The American Civil Liberties Union came out in support of expanding the expansion of the granting of licenses as a way of combating racial discrimination of drivers.  Many in our Hispanic communities end up driving illegally.  By establishing driver licenses for everyone, we also ask them to respond to safety guidelines on our streets and roads. In addition to creating safer roads, we can give our neighbors and our fellow community members’ access to jobs, or perhaps a better vehicles and of course better compliance in securing automobile insurance.  This is an important issue for our Latino communities who currently live with the constant fear of being arrested or fear deportation.  These folks do pay taxes and should be able to drive on our roads and bridges that are funded by tax dollars. In addition, the law actually helps raise revenue for the states who that have implemented it.

This Faith summit was a positive first step in raising awareness on an important issue in our communities.  It asked that we, in our role as legislators, publicly support the bill and continue our efforts to ensure its passage.  As a Senator, a driver education instructor, and as a concerned member of our larger community, I see this as sensible legislation that brings us together for the betterment of our towns, cities, and state.  Our Latino friends and neighbors are counting on us.



Meeting our Agriculture Needs
Published On: 17th February 2015 | Published By: Kevin Dahle For Senate

Every Tuesday morning, since I have been here at the Capitol, rural legislators gather for a 7:30am meeting to talk about issues affecting rural Minnesota.  Senator Stumpf, a member of the Minnesota legislature since 1980, typically directs our discussion.  Sometimes we talk about individual bills we are carrying related to greater Minnesota.  Often times, committee chairs (rural or not) are brought in to talk about larger budget or policy bills that have broader implications for out-state Minnesota. Last week the Governor stopped by and took questions from the dozen or so Senators in attendance.  Today, Jerry Schoenfeld, former legislator and lobbyist for several ag groups stopped by to talk to us about several ag related issues.  One of those issues was the need to expand and retain agricultural education in Minnesota.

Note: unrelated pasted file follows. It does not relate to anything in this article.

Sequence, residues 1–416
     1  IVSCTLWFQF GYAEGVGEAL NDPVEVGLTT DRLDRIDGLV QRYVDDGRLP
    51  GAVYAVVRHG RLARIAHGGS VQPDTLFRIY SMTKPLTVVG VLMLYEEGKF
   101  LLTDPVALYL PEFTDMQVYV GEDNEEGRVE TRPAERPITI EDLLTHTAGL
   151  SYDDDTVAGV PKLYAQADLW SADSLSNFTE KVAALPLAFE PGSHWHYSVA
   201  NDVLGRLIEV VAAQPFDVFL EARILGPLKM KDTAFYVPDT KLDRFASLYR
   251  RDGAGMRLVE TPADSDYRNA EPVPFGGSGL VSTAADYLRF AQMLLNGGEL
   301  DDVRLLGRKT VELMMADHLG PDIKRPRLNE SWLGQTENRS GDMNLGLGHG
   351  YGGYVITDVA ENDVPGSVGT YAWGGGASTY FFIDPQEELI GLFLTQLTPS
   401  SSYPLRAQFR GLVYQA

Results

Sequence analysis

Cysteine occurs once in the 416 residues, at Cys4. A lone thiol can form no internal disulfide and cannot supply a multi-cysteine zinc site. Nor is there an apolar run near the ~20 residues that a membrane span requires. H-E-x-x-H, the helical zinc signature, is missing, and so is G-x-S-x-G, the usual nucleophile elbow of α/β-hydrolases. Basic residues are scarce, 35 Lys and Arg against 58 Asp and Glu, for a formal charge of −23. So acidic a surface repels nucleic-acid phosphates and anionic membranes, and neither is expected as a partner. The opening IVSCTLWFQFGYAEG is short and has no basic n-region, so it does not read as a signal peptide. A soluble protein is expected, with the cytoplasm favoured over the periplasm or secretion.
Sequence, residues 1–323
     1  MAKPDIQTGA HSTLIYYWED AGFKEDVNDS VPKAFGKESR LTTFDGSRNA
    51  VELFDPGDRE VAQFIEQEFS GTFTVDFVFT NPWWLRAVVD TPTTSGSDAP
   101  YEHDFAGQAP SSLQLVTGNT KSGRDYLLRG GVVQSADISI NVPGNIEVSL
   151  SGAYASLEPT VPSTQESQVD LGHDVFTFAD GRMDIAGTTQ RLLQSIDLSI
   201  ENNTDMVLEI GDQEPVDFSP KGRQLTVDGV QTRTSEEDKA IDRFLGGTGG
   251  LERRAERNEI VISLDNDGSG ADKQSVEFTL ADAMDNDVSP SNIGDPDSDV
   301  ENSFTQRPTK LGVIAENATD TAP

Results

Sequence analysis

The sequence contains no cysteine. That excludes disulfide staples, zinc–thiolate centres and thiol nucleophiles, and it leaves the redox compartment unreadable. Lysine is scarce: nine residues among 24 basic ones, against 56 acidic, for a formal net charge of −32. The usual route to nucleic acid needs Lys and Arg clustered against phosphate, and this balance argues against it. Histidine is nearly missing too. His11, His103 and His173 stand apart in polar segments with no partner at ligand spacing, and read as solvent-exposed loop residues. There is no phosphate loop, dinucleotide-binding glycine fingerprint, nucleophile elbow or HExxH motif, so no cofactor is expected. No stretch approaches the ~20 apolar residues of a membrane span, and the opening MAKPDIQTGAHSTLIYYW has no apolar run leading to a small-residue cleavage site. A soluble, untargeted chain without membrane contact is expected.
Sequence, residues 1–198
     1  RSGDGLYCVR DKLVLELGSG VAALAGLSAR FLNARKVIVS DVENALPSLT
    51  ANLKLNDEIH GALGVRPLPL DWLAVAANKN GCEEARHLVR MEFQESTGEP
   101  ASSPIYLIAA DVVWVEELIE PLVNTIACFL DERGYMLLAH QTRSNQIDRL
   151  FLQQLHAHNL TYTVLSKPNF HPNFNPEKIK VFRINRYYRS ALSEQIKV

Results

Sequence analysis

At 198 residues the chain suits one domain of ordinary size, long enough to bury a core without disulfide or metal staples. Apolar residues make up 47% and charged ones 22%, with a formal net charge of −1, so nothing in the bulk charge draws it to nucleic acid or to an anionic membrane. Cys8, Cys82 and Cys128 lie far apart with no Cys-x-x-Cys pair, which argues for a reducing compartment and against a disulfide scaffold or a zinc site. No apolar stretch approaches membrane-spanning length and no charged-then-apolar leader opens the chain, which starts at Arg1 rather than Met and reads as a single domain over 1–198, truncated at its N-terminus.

This issue has come up in several conversations I have had recently.  This past Saturday I met with folks in New Prague who represented several groups, including Corn and Soybean Growers, Farm Bureau, Turkey Growers, along with Bruce Mathiowetz, an agriculture teacher from Belle Plaine High School.  Concerns about the shortage of qualified agricultural educators, the impact it is having on high school vocational education programs and co-curricular activities and long-term impacts on agriculture were shared.

We should consider expanding the routes to obtain an agricultural education license.  University ag entrance requirements are rigorous.  Until recently, only the Univ. of Minnesota offers such a program and while 120 students applied to get in, they only accepted 12 students.  Those 12-15 students who graduate from the program annually do not typically end up teaching.  They are lured away by higher paying jobs in big agriculture, such as Monsanto or Cargill.  Southwest Minnesota State University in Marshall just launched a new Bachelor’s degree program in Agriculture Education.  This is a welcome addition to our MNSCU offerings.

Senate File 820 (Senator Sparks) does offer some assistance on this this issue. It would pump almost $30 million into rebuilding our commitment to ag research and another $4.8 million for ag education including the Education Leadership Council, farm business management, mentoring programs, graduate debt forgiveness, and high school programs.  I am also co-authoring a bill (Senator Jensen is chief author) that would establish education grants to further expand and retain agricultural education in Minnesota.

Today, the education committee, on which I serve, talked about the need for robust Career Technical Education (CTE) in our schools.  Ag education was frequently mentioned as a necessary part of the CTE curriculum.  Some other offerings include architecture and construction, business management, family and consumer sciences. We also are well aware of the challenges in maintaining these programs due to funding, teacher supply, lack of equipment, lack of flexibility in the student school day, or lack of flexibility in regard to class choice option or dual credit option related to post-secondary education.  These are all areas we need to address as we consider long term planning to ensure our students and our workforce get what they need.